Duke said the cooperative’s CSA structure makes it easier for him to plan, budget, and purchase equipment. He also has found the shift from the Saturday farmers’ market to a CSA gives him the option to take a Saturday off in the summer. “This has really gone a long way to improving quality of life in our household!”

Being a master of the many crops that typically go out in a CSA box is a difficult and sometimes overwhelming task for many growers, especially newer growers. Duke said that perhaps the biggest positive of working with other growers to form a cooperative CSA is that instead of each farm growing a little bit of a lot of different crops, and needing the infrastructure/tools/systems to efficiently handle all kinds of production, each grower can now specialize a little. “This really reduces the amount of different tasks each grower needs to do, and has helped each of the four veggie growers in the CSA to streamline production to be more efficient,” he said.

In addition, he appreciates having access to the cooperatively owned walk-in cooler and freezers. “It saves on each farm having to individually invest in that infrastructure and allows the farms to focus on other areas of infrastructure development,” he explained.

Duke’s Great Oak Farm started in 2006, mostly growing food for the family and selling the rest. In 2009, they started shifting to growing primarily for sale and eating the leftovers. The farm has been certified organic since 2011.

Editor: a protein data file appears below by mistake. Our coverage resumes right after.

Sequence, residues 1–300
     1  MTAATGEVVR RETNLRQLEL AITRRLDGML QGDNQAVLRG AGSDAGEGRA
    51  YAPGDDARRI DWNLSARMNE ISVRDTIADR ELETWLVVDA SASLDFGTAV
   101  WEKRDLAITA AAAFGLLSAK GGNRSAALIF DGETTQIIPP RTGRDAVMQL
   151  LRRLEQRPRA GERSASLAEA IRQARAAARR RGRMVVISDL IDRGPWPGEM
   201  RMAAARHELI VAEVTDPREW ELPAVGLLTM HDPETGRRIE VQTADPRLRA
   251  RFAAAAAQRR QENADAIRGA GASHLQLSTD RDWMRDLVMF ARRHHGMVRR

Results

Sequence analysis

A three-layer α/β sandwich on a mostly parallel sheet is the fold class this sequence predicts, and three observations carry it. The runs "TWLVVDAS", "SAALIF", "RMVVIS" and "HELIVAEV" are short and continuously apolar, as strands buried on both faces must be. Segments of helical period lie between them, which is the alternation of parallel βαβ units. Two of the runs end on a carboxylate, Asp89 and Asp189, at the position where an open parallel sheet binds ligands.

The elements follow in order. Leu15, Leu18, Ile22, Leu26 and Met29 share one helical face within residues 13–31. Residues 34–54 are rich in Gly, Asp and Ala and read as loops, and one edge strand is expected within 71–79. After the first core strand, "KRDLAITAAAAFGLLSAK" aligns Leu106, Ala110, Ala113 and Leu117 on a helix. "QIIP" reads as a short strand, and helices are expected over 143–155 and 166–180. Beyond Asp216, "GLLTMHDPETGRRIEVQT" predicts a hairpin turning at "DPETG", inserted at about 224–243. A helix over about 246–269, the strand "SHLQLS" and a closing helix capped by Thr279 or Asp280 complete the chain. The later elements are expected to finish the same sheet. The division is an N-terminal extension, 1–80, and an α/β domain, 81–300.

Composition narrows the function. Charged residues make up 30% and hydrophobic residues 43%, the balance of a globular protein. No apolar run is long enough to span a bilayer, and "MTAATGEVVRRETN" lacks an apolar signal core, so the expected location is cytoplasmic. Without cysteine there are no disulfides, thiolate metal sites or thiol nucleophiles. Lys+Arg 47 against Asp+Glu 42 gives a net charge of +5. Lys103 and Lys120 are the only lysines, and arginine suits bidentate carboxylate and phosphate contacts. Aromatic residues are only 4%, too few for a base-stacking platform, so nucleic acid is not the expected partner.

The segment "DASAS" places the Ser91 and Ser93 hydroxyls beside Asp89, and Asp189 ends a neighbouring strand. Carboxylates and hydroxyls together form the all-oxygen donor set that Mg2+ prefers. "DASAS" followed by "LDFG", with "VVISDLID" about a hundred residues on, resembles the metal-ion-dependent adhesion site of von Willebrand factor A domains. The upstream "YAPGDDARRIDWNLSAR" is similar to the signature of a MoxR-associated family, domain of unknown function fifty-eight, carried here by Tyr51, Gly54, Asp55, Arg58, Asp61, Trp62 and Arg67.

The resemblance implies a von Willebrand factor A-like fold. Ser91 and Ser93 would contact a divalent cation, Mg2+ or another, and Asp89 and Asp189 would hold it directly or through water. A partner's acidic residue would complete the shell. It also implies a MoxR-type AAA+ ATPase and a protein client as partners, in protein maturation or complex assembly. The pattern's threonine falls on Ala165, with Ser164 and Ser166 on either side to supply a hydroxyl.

Currently, Great Oak Farm (60 acres total) has about 5 acres of cover crop/fallow ground worked up, and about 5 acres of veggies in production, including about 1.5 acres of cabbage and green beans for wholesale. The main vegetable crops include carrots, onions, winter squash, green beans, cabbage, cherry tomatoes, beets, and cucumbers, with many other crops in smaller amounts. They keep honeybees, raise about 950 pastured broiler chickens, and have a small flock of about 35 ewes for production of grass-fed lamb.

Along with the many benefits he has found in the cooperative, Duke likes that the growers in the Bayfield Region can rely on each other instead of “nameless, faceless outsourcing from wherever,” he said. “We are being a community again.”

Kelli Boylen is a freelance writer with a farming background. She lives with her family on a homestead in Iowa.

From the November | December 2015 Issue